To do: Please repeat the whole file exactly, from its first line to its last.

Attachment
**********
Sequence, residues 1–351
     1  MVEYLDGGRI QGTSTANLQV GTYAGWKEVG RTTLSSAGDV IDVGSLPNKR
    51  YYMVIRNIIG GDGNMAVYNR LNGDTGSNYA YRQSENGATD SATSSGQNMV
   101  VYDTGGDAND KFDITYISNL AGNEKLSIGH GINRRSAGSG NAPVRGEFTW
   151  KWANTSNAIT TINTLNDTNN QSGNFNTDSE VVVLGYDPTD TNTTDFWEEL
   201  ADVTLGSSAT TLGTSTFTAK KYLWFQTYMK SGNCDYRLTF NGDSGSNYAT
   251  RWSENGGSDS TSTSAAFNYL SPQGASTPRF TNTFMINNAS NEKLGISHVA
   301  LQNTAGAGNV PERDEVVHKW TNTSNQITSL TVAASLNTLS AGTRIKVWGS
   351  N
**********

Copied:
Sequence, residues 1–351
     1  MVEYLDGGRI QGTSTANLQV GTYAGWKEVG RTTLSSAGDV IDVGSLPNKR
    51  YYMVIRNIIG GDGNMAVYNR LNGDTGSNYA YRQSENGATD SATSSGQNMV
   101  VYDTGGDAND KFDITYISNL AGNEKLSIGH GINRRSAGSG NAPVRGEFTW
   151  KWANTSNAIT TINTLNDTNN QSGNFNTDSE VVVLGYDPTD TNTTDFWEEL
   201  ADVTLGSSAT TLGTSTFTAK KYLWFQTYMK SGNCDYRLTF NGDSGSNYAT
   251  RWSENGGSDS TSTSAAFNYL SPQGASTPRF TNTFMINNAS NEKLGISHVA
   301  LQNTAGAGNV PERDEVVHKW TNTSNQITSL TVAASLNTLS AGTRIKVWGS
   351  N